My cupcake pops require no baking. You only need a package of Oreo, cream cheese and a food processor. The dough needs to resemble play dough in consistency. It's extremely easy to make and tastes very chocolaty, slightly gooey and very YUMMY! But only if you like Oreo, of course!
After you are done with the dough, the rest is history - simply extra fun-time in the kitchen, decorating the cake pops with different types of icings and sprinkles.

I decorated mine with dark chocolate, white chocolate (with a bit of red food colouring), smarties and colourful sprinkles.

"Hmmm, which cupcake pop should I have now??" says Tilly the Bear from the Cupcake-Pop Land.

The teddy bear is made of fondant, simply there for the sake of decoration! But she's such a cutie, isn't she :)?

I received this 'Lovely Blog Award' from Wow, the second one for this week...!! Thank you, Eatgreek! I would love to also pass on this award to 15 other food bloggers, whom I like - I have much, much more than 15, but I have to follow the rule - only 15 bloggers... So here they are, in no particular order:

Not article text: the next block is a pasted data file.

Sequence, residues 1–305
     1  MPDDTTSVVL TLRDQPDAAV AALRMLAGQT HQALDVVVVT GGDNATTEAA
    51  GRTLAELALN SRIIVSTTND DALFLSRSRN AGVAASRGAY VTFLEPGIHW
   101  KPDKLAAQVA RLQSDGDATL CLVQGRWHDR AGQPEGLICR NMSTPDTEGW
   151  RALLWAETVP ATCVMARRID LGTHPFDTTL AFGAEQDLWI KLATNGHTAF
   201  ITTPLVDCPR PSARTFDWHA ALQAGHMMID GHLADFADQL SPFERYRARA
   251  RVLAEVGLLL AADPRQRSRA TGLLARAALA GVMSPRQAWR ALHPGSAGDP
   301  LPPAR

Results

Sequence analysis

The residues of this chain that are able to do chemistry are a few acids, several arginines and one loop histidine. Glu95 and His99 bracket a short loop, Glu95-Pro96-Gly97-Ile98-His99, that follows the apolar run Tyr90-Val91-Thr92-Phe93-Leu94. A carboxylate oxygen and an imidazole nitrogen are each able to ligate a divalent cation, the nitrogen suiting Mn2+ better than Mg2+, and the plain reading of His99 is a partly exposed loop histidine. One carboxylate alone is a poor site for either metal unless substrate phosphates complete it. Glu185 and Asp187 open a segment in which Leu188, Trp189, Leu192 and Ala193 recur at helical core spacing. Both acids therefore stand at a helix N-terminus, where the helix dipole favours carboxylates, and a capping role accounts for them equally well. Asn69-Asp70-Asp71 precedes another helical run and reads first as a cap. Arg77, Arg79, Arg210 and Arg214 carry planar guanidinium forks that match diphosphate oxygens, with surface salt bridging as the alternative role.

1. Anncoo
2. Bentolicious
3. Enak2 Lovers
4. Indonesia Eats
5. Mochachocolatarita
6. Kitchen Corner
7. Roti n Rice
8. J3ss Kitch3n
9. My Kitchen Snippets
10. My Little Space
11. Hamaree Rasoi
12. Nasi Lemak Lover
13. Teczcape
14. Cinnamon Spice & Everything Nice
15. Belzy's Kitchen

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Otak-otak is a popular Indonesian street-food, originated from Palembang, a city in the South-Sumatran island, known for its fish-based delicacies. Since my mum comes from Palembang, I grew up eating and loving those fish-based snacks from Palembang, even though fish has actually never been a preferred palate of mine.

Otak-otak is one Palembangnese snack that I very much enjoy. It is made from fish paste (usually from mackerel), mixed with minced shallots, green onions, egg white, coconut milk and tapioca flour. This mixture is then wrapped in banana leaf and subsequently grilled to perfection.